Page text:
Motta, who through the years has turned out some of the league’s the best defensive teams in Chicago and Washington, ranked D.J. with the best defensive guards he has seen. “They are Jerry Sloan, Walt Frazier, and this kid,” Motta said. “I like the way Jerry West played defense, too. But Dennis Johnson is a disruptive force.”
In his brief three-year career, D.J. already has accomplished one feat on which legends are built. In game No. 3 of the 1978 Bullet series, he blocked seven shots—unusual for a center and unheard of for a guard. He stopped Kevin Grevey and Charles Johnson three times and Tom Henderson once.
“I think a lot of my shot-blocking comes from my position defense,” D.J. said. “On some occasions, opponents may have only two or three seconds left on the shot clock. They may be out of position to shoot, and I’m in the right position to block it. It comes from that and partly from my jumping ability. A little bit of everything goes into playing defense.”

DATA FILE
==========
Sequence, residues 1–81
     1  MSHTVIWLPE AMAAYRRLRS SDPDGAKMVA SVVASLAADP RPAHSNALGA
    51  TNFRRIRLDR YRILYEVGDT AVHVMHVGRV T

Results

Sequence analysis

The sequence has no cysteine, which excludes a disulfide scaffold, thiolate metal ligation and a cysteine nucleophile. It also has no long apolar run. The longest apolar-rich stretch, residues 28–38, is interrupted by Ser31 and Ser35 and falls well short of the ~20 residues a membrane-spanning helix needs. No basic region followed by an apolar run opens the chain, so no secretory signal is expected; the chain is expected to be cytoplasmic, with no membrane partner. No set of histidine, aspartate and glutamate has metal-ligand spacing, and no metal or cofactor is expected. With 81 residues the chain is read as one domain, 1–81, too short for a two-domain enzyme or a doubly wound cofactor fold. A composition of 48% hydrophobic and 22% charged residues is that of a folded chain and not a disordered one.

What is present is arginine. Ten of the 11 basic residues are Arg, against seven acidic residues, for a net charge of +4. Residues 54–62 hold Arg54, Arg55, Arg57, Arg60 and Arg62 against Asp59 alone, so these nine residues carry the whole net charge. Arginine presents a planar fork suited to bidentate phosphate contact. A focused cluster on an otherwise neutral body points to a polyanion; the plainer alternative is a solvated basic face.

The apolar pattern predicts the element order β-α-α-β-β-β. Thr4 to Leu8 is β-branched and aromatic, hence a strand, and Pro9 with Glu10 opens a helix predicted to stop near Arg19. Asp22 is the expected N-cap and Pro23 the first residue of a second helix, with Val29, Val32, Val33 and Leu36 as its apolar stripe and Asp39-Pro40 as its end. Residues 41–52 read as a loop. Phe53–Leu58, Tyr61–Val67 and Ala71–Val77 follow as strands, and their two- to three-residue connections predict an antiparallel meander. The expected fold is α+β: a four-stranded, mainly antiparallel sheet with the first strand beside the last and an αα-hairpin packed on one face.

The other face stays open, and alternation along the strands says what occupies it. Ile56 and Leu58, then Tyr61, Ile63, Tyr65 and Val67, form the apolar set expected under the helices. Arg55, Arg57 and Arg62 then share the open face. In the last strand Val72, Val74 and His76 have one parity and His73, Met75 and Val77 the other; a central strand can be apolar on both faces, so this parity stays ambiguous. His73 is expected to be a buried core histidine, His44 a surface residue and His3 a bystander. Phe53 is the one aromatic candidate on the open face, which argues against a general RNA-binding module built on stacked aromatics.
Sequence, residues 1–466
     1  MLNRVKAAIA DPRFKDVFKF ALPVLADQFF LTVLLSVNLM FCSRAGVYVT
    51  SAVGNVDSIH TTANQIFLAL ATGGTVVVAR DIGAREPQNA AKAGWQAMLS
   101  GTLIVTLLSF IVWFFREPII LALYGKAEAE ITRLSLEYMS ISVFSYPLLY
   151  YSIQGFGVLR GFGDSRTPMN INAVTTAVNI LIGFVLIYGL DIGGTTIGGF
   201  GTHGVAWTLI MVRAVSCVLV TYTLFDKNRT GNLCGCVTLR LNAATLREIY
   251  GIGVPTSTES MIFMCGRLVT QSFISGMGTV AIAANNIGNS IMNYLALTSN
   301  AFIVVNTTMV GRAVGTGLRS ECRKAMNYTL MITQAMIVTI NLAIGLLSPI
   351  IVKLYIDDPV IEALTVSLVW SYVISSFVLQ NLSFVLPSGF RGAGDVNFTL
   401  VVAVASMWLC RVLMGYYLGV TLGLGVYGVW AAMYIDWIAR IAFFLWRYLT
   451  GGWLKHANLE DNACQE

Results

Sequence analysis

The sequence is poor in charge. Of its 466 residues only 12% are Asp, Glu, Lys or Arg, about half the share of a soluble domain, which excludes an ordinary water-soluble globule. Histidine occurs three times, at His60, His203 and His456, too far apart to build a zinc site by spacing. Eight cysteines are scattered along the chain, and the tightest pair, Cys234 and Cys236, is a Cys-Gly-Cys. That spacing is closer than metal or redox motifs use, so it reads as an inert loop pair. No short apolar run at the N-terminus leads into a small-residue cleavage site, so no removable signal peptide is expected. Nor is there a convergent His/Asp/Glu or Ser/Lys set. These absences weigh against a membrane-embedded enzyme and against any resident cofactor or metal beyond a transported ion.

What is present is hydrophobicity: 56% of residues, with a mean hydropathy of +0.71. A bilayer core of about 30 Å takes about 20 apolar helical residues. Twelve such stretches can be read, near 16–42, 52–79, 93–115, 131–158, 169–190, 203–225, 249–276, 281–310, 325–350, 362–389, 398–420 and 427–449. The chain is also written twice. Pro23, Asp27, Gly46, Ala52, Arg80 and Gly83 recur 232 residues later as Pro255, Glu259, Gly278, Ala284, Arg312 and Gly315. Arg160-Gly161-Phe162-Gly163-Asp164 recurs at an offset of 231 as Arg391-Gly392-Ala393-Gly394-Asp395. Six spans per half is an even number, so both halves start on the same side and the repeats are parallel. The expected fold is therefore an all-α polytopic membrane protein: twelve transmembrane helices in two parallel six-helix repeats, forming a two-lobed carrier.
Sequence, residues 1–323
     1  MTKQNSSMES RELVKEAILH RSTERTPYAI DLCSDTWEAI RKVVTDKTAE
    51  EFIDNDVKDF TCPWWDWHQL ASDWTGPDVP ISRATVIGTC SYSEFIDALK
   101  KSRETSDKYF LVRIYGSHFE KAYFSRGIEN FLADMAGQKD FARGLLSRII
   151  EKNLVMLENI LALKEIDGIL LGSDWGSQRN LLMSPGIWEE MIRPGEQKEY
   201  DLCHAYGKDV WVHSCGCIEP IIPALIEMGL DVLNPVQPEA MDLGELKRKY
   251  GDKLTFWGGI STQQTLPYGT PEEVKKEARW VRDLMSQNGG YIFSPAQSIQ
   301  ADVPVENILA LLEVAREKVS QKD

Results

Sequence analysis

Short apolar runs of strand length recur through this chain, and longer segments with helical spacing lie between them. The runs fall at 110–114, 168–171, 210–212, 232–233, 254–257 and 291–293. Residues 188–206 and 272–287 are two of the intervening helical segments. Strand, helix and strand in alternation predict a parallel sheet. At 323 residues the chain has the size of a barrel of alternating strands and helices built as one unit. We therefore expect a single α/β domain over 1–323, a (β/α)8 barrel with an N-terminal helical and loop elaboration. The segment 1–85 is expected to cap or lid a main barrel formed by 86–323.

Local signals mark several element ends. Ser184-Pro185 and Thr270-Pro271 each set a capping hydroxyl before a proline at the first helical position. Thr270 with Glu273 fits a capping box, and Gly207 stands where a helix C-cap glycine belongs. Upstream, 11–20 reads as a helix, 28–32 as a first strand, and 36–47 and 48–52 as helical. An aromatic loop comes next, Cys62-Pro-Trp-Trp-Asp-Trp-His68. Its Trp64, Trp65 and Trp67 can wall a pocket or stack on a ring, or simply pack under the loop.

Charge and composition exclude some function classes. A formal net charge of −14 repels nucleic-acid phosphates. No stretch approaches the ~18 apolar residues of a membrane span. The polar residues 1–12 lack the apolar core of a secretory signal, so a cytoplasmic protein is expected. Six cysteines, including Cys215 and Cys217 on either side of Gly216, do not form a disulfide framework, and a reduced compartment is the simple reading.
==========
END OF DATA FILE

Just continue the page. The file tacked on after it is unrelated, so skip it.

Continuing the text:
After the 1978 season, D.J.’s comparatively low salary was widely publicized. Later in the year, the Sonics initiated contract talks. After renegotiations bogged down at midseason and obviously distracted D.J., whose mood can change direction as rapidly as Williams can on a drive to the basket, the parties agreed to resume talks this past summer. D.J. has indicated he would prefer to remain in Seattle. His agent, Fred Slaughter, said he will honor the final year of the contract.
Meanwhile, D.J. has let his performance on the playing floor do his talking. Most observers expect him to get much better. “He’s just learning how to channel his ability,” Seattle’s Paul Silas said. “He’s learning the game now. Oscar Robertson was the most complete player I ever saw. D.J.’s comparable. Of course, Oscar shot better. It’s just a matter of polishing his game.”
D.J. has come into his own and everyone knows it. It’s unlikely he’ll enter the coming season under the previous contract. Perhaps he may be traded, but is Schulman willing to break up a winning combination? After 12 years of searching, Sam probably is a long way from quenching his thirst for champagne in the locker room.